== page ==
Florida Jail Prison

Prison Warden Who Led “Rape Club” Convicted On Three Counts Of Sexual Abuse

A federal jury convicted a former warden at the Federal Correctional Institute in Dublin, California, Thursday of sexually abusing three female prisoners and lying to authorities.

A federal jury convicted a former warden at the Federal Correctional Institute in Dublin, California, Thursday of sexually abusing three female prisoners and lying to authorities.

Ray J. Garcia, 55, was found guilty of three counts of sexual abuse and one count of sexually abusive contact toward one inmate, two counts of sexually abusive contact toward a second, and one count of sexually abusive contact toward a third, in addition making false statements about his actions to government agents, according to the Justice Department (DOJ).

Garcia and prison staff were accused during the trial of crimes committed so openly that inmates called the situation a “rape club.”

“Today’s guilty verdict is one important step in our ongoing efforts to root out sexual misconduct within the Bureau of Prisons,” said Deputy Attorney General Lisa O. Monaco. “It also delivers justice to the victims in this case, who were repeatedly subjected to the defendant’s egregious sexual abuse and gross exploitation of power. As this verdict illustrates, the Department of Justice is committed to prosecuting cases of criminal misconduct by Bureau employees and to holding accountable all who violate their duty to protect those in their custody.”

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Trial evidence showed that Garcia was employed as an associate warden and later as the warden of the Federal Correctional Institute in Dublin, Calif. (FCI Dublin), an all-female low-security federal correctional institution.

All three of the victims were incarcerated and serving their prison sentences at FCI Dublin under the custodial, supervisory, and disciplinary authority of Garcia when the crimes occurred.

The jury convicted Garcia of three counts of sexual abuse and one count of sexually abusive contact against an inmate referred to as Victim 1. Trial evidence showed that Garcia’s sexual abuse and abusive sexual contact against Victim 1 began in December 2019 and extended through March 2020. During this period, Garcia would encounter Victim 1 in and around the prison visitation room, including in an attached bathroom and an inmate changing stall. In these areas, Garcia would engage in sexual contact with Victim 1.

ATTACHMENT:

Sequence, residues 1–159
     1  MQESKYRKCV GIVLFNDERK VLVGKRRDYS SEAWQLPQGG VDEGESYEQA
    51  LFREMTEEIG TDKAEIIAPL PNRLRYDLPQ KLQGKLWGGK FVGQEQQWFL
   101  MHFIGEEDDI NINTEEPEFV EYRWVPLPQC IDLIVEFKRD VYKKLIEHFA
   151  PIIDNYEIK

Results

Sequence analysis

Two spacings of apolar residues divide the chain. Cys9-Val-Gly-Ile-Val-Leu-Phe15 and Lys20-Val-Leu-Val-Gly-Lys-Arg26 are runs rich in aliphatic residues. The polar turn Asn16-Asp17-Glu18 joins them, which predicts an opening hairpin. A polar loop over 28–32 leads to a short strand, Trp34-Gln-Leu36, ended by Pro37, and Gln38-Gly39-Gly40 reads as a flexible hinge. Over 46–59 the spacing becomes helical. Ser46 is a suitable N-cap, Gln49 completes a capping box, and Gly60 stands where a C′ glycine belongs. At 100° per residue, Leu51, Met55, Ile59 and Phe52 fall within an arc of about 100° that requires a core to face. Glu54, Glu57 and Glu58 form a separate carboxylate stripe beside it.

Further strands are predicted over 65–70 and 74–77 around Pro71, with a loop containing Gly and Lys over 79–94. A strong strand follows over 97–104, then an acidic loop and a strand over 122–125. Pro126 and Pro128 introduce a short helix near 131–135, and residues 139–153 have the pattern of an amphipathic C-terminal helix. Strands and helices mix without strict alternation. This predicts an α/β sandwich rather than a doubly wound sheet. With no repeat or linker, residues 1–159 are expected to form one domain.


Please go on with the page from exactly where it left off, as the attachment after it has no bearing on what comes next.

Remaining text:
Garcia was also convicted of two counts of abusive sexual contact with Victim 2, both acts occurring in the period of January to July 2021. Trial evidence showed that the acts occurred in a warehouse within the prison grounds and also in Victim 2’s prison cell. These areas, generally out of the immediate view of others, were where Garcia would engage in abusive sexual contact with Victim 2.

The jury also convicted Garcia of abusive sexual contact with Victim 3 from March to September 2020. Garcia engaged in this sexual contact with Victim 3 in the prison’s electrical shop.

The jury lastly convicted Garcia of making false statements to a government agency on July 22, 2021. On that date, Garcia was interviewed by government law enforcement agents during the investigation of his sexual conduct with inmates.

Evidence at trial showed that Garcia falsely claimed he had never asked inmates to be undressed for him at a specific time and that he had never touched an inmate inappropriately.

Trial evidence showed that Garcia had already asked multiple inmates to undress for him and had also touched Victim 1, Victim 2, and Victim 3 sexually.

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Garcia was convicted of three counts of sexual abuse of a ward, and each count carries a maximum term of imprisonment of 15 years. The jury convicted Garcia of four counts of abusive sexual conduct, and each count carries a maximum term of two years imprisonment.

The jury also convicted Garcia of making false statements to a government agency, which carries a maximum sentence of eight years’ imprisonment.

A federal district court judge will determine any sentence after considering the U.S. Sentencing Guidelines and other statutory factors.

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